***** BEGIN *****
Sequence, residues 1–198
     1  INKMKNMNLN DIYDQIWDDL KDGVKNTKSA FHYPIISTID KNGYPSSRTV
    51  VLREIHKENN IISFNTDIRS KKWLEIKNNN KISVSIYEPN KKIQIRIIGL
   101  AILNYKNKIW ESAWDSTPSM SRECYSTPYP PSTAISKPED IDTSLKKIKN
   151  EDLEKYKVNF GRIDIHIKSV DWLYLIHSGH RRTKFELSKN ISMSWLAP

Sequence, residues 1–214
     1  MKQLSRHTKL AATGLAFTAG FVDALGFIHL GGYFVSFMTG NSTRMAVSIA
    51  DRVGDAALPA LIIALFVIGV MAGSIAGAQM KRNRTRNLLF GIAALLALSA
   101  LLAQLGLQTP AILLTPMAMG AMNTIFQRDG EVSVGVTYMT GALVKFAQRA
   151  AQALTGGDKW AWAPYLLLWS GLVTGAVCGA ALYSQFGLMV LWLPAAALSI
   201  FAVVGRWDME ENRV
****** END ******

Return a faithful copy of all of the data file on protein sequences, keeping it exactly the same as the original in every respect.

Sequence, residues 1–198
     1  INKMKNMNLN DIYDQIWDDL KDGVKNTKSA FHYPIISTID KNGYPSSRTV
    51  VLREIHKENN IISFNTDIRS KKWLEIKNNN KISVSIYEPN KKIQIRIIGL
   101  AILNYKNKIW ESAWDSTPSM SRECYSTPYP PSTAISKPED IDTSLKKIKN
   151  EDLEKYKVNF GRIDIHIKSV DWLYLIHSGH RRTKFELSKN ISMSWLAP

Sequence, residues 1–214
     1  MKQLSRHTKL AATGLAFTAG FVDALGFIHL GGYFVSFMTG NSTRMAVSIA
    51  DRVGDAALPA LIIALFVIGV MAGSIAGAQM KRNRTRNLLF GIAALLALSA
   101  LLAQLGLQTP AILLTPMAMG AMNTIFQRDG EVSVGVTYMT GALVKFAQRA
   151  AQALTGGDKW AWAPYLLLWS GLVTGAVCGA ALYSQFGLMV LWLPAAALSI
   201  FAVVGRWDME ENRV